9. I really enjoyed reading your blog because I too have many of the concerns you mentioned. What stood out to me the most was your comment, “As a father of two daughters I am always intrigued as to how they will embrace womanhood” because it made me think about today’s generation of teens or young adults who look up to females like Beyoncé. In many ways, I do see Beyoncé’s lyrics and “persona” contradicting each other. She is supposed to symbolize female power and strength, yet she may not always depict that in her music. As a babysitter I have experienced comments like, “Miley Cyrus is a slut” because of the way she dresses, speaks, or acts in front of her fans. Today’s youth is exposed to EVERYHTHING (which I don’t think is a bad thing). I don’t think young teens should be tricked into believing that the music industry is perfect and pure. I will say though that it is a little scary to think that young girls or boys are going to want to aspire to be these false heroes or role models society (or we ourselves) have created.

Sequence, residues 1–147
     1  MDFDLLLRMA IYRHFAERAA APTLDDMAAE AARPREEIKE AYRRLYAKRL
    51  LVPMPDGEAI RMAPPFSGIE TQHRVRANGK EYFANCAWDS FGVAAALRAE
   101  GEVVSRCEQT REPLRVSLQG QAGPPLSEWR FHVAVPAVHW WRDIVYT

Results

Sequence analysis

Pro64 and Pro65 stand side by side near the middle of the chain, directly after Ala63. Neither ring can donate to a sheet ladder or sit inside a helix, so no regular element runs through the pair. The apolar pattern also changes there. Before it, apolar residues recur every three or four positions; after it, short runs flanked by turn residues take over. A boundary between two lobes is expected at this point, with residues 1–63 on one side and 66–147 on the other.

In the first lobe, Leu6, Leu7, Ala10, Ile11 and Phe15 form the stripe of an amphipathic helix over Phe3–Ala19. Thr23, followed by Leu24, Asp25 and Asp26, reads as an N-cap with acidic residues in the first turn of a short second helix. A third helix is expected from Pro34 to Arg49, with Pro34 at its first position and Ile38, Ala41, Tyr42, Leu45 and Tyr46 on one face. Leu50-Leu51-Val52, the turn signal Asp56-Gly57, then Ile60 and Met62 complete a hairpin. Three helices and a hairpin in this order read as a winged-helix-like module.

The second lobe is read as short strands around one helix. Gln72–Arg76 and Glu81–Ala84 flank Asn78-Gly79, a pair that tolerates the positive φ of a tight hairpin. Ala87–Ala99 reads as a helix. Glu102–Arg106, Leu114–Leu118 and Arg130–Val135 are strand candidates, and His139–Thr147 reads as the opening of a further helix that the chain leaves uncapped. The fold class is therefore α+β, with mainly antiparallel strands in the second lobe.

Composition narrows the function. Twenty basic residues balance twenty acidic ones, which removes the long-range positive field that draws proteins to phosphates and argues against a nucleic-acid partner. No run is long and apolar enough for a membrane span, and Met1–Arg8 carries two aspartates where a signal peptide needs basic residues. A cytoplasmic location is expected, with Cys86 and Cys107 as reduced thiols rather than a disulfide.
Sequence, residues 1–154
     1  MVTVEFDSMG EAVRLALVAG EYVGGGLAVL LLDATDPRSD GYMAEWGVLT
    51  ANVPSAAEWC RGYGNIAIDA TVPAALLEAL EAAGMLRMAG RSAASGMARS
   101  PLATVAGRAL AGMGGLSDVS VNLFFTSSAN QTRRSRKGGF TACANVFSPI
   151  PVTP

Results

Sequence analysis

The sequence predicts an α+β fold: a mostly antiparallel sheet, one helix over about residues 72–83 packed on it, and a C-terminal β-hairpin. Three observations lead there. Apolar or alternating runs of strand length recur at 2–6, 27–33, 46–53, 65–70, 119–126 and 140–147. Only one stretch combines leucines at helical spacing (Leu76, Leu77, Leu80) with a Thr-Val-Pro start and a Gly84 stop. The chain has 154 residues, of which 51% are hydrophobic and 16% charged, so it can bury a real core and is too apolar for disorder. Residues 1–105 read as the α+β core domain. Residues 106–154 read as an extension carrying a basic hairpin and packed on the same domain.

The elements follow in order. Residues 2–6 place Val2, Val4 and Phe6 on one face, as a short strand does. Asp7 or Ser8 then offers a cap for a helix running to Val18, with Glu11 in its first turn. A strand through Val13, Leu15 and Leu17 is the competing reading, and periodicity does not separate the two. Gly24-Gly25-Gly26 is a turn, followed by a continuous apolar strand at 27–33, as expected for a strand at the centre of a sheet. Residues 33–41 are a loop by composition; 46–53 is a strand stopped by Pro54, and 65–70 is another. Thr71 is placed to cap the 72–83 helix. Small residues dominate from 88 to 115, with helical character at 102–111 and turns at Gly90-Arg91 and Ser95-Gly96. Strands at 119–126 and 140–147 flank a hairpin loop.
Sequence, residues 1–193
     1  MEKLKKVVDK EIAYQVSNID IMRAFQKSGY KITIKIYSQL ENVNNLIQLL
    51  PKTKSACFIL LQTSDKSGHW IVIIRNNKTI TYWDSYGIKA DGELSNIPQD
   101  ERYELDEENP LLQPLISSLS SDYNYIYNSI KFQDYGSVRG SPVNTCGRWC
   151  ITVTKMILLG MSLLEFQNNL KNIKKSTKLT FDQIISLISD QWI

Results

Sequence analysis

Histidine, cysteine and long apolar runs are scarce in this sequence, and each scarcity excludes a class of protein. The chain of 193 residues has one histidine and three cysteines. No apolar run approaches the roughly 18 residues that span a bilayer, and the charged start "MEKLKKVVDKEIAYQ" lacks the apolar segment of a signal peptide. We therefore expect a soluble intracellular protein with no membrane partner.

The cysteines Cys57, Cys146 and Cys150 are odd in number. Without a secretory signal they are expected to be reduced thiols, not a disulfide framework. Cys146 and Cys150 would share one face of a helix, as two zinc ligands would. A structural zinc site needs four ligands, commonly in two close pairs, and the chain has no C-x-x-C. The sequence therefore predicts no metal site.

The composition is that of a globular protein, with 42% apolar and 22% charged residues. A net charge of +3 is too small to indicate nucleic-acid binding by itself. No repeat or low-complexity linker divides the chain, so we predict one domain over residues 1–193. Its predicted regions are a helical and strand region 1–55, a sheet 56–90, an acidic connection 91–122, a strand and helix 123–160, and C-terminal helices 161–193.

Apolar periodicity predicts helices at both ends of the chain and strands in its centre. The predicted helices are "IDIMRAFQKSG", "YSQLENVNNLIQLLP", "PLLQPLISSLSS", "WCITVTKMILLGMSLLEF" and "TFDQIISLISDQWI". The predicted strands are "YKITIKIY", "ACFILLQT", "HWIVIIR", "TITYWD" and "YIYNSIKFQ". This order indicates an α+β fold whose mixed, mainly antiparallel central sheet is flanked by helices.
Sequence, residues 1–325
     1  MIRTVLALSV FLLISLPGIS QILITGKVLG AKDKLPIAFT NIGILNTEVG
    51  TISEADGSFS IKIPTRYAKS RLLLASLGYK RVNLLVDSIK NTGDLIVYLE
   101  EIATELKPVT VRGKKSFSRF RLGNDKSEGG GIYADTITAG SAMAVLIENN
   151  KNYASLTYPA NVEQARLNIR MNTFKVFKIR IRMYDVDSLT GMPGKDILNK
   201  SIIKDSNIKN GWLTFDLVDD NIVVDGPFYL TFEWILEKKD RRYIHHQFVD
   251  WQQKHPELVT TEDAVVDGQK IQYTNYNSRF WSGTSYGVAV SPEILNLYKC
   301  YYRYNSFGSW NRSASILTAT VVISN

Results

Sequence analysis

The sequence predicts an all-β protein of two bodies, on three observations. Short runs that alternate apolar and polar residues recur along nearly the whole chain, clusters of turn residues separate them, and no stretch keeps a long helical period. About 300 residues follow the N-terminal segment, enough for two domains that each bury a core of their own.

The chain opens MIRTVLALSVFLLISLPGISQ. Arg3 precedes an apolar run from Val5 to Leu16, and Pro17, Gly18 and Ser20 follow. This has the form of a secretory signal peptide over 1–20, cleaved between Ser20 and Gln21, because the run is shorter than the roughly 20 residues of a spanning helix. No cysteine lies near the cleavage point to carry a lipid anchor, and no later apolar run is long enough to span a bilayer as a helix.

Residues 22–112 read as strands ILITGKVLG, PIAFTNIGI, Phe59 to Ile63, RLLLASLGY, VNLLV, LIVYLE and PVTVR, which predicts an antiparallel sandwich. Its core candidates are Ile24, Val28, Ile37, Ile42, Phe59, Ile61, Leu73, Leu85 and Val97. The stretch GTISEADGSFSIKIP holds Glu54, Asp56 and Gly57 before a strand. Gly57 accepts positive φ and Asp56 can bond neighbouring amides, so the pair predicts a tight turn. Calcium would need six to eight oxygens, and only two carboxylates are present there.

10. Dear Barista,
    I totally agree with your post. People are way too obsessed with celebrities and their behaviors. It really sucks that people in our generation are constantly getting bashed on social network sites when they choose to voice their own opinions. Celebrities are not gods, especially not Beyoncé. I hope that you’re daughters will grow up to be very successful intelligent females and that they will REFUSE to end up like the robots of this generation today that idolize Beyoncé or whomever’s stronghold. I hope that you continue to make engaging posts such as this one. People are too afraid to speak out about topics like this simply because their afraid of what the public may say to them in retaliation. Young girls and boys are constantly comparing themselves to rappers, singers or celebrities. You would think that they would set a good example but they don’t. I just sit here and laugh at their stupidity. Did you know that rapper Meek Mill bought a pet lion? Who does that?! Does he not realize that there are people out here truly struggling just to feed their children or struggling at their 9-5 jobs just to keep the lights on in their homes? Why the hell should he be idolized or anyone else for that matter?

    PS: I love Janelle Monae and Erykah Badu too, it’s just annoying that these two talented artists are pretty much underrated in our society. Why?